Gas infrastructure will increase tenfold over the next ten years, according to the Clean Air Council, bringing gas pipelines, compressors, metering stations, and power plants to communities around the country. With them come emissions that have increased air pollution in rural areas to levels exceeding urban pollution, resulting in widespread adverse health effects, according to David Brown, environmental health consultant for Southwest Pennsylvania Environmental Health Project.
Making such invisible pollution problems visible and measureable to community residents, has become a compelling project for Illah Nourbakhsh, professor of robotics at the Robotics Institute at Carnegie Mellon University in Pittsburgh.
“When fracking started, people didn’t know if they were being harmed by their water and air. Their tap water could be set on fire. Their horse’s hair might be falling out. People felt completely disempowered,” he said.
The Pittsburgh area was an early hub of fracking activity, and Nourbakhsh noticed discussions about it all over the city.
“We wanted to allow people to own the data and decide what to do,” said Beatrice Dias, project director at the Robotics Institute. “With air monitoring, an agency usually owns the data and makes decisions.”
Aided by grants from the Heinz and Fine foundations, they invented the Speck air monitor, size of a small clock, to enable people to monitor particulate matter at home. Increased pollutants from the gas industry include large quantities of fine particulate matter, also called PM 2.5, which creates inflammation throughout the body, particularly exacerbating lung and heart disease, according to Harvard Environmental Epidemiology Professor Joel Schwartz. In recent research, he found that even small increases in PM 2.5 levels raise mortality rates from all causes for people 65 and over, the population addressed by the study.
The Speck monitor has the capacity to collect data to be uploaded to the web at www.SpeckSensor.com, with an option to share data publicly and create sources of air quality information within communities and between cities around the U.S. The data is more specific in both location and content than the U.S. air quality index, which reflects a combination of particulate matter, ozone, and other pollutants, says Nourbakhsh.
Indoor readings are affected by both outdoor air and activities like vacuuming and cooking, potentially also providing information about triggers for personal health problems, like asthma, he says. Additionally, the Speck can indicate how well an air purifier is working.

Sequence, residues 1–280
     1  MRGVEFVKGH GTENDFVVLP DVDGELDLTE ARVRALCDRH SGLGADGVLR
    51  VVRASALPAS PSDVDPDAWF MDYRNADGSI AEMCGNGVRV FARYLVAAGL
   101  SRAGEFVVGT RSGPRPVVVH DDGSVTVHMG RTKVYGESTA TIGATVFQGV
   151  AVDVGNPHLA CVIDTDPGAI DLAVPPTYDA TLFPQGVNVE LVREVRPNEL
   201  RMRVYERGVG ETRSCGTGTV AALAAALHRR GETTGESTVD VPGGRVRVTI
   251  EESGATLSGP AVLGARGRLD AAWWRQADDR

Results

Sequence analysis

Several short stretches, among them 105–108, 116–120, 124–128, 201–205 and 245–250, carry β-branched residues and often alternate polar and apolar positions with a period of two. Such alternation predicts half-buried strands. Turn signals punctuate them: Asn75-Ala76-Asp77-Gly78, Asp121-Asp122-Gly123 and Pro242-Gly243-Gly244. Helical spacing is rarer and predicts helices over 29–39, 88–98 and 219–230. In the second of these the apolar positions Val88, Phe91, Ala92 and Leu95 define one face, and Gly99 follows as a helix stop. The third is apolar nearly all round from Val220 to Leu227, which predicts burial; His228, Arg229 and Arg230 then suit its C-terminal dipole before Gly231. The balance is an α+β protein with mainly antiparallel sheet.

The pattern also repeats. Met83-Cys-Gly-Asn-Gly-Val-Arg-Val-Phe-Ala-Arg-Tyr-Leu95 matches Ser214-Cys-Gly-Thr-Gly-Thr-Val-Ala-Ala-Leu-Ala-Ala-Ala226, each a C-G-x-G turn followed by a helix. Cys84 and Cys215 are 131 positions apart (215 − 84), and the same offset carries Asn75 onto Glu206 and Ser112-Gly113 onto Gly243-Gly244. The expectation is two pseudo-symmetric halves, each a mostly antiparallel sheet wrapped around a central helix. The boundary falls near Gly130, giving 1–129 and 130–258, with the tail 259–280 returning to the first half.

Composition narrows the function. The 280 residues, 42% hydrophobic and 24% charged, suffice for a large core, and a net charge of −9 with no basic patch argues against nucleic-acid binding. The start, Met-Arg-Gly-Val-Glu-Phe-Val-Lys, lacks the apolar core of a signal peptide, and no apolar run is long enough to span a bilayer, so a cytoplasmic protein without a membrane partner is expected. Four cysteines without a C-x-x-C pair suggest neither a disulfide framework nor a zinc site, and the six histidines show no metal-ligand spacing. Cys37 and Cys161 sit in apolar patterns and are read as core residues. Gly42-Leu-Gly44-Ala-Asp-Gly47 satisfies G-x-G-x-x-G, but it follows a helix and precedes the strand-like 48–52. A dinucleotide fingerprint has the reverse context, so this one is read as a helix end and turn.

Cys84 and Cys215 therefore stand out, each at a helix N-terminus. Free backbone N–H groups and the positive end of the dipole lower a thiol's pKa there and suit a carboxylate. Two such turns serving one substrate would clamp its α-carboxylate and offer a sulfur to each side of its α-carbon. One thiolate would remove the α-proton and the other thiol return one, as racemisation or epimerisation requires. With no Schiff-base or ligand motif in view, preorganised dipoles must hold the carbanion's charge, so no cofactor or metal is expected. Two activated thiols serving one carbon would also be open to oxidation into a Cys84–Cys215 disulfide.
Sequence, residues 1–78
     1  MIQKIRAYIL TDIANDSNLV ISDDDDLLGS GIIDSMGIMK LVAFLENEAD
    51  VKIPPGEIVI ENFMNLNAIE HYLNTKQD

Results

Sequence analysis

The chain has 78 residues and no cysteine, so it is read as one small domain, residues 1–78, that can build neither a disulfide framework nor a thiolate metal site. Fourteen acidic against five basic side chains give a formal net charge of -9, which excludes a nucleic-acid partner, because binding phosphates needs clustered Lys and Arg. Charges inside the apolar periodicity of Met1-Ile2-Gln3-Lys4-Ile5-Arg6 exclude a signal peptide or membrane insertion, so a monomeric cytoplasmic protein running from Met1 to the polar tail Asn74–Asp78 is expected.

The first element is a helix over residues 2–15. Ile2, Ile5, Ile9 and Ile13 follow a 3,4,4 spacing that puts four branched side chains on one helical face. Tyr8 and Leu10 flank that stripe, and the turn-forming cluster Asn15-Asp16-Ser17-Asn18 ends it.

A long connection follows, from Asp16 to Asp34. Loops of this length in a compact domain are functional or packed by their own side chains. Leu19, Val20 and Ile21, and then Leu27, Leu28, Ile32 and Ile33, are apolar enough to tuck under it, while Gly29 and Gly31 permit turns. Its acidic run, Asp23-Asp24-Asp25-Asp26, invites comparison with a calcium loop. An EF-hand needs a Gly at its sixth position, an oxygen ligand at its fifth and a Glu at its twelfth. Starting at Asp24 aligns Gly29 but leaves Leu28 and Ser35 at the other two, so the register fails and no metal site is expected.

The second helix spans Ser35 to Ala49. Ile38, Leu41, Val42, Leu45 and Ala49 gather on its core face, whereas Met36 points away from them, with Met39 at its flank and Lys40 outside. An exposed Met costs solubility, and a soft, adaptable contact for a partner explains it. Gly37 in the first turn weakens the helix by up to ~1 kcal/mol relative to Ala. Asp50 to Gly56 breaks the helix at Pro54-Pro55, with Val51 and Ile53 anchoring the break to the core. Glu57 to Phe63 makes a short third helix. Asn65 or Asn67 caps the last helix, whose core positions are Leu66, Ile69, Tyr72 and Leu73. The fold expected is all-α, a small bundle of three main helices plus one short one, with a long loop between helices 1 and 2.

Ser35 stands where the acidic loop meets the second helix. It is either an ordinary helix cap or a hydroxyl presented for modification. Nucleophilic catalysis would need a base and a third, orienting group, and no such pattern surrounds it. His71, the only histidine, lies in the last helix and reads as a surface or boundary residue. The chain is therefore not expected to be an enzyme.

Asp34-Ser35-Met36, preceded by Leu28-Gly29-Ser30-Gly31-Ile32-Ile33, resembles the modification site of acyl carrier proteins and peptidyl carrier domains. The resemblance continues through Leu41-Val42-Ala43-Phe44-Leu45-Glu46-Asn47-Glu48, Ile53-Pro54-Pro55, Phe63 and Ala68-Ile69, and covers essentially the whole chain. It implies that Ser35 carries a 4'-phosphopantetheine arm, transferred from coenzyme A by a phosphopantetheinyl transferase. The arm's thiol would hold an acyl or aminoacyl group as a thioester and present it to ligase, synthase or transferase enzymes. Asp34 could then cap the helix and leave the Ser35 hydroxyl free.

To facilitate community access and collaboration, Nourbakhsh and his cohorts created a pilot public library program in Pittsburgh, donating several Speck monitors to be loaned like books.
“It’s become a popular program that got people involved in community advocacy,” says Dias.
Consequently, Nourbakhsh and Dias decided to launch Speck library programs nationally in 2016, providing the monitors to libraries at a discount.
In Minisink, the monitor was instrumental in identifying relationships between compressor emissions and symptoms experienced by people living in the community around it, when Brown and his SWPEHP colleagues conducted their health survey there. The monitors showed that the compressor tripled ambient levels of PM 2.5 within the 1.5 mile radius around the compressor. Ambient PM 2.5 rose from 6 micrograms (1/1000 milligram) per cubic meter, a typically low rural level, to 17, a level 50% greater than Environmental Protection Agency limits, with intermittent surges to levels 40 times the EPA’s limit.
Nourbakhsh and his colleagues also invented the Cattfish, a small $200 device that can be dropped in a toilet back tank to measure changes in total dissolved solids in well water. Although the Cattfish does not identify what chemicals the solids contain, a TDS increase indicates when contamination occurs, said Josh Schapiro, a robotics engineer at the Robotics Institute, who collaborated with Nourbakhsh on the project.
“The Cattfish provides easy access to well water TDS readings,” he said.
The Robotics Institute group is now working on technology that would monitor smaller particles that penetrate the lungs more deeply, as research published this year showed significant increases in babies with low birth weight, ADHD, and autism when mothers are exposed to high levels of fine particulate matter during pregnancy, Nourbakhsh said.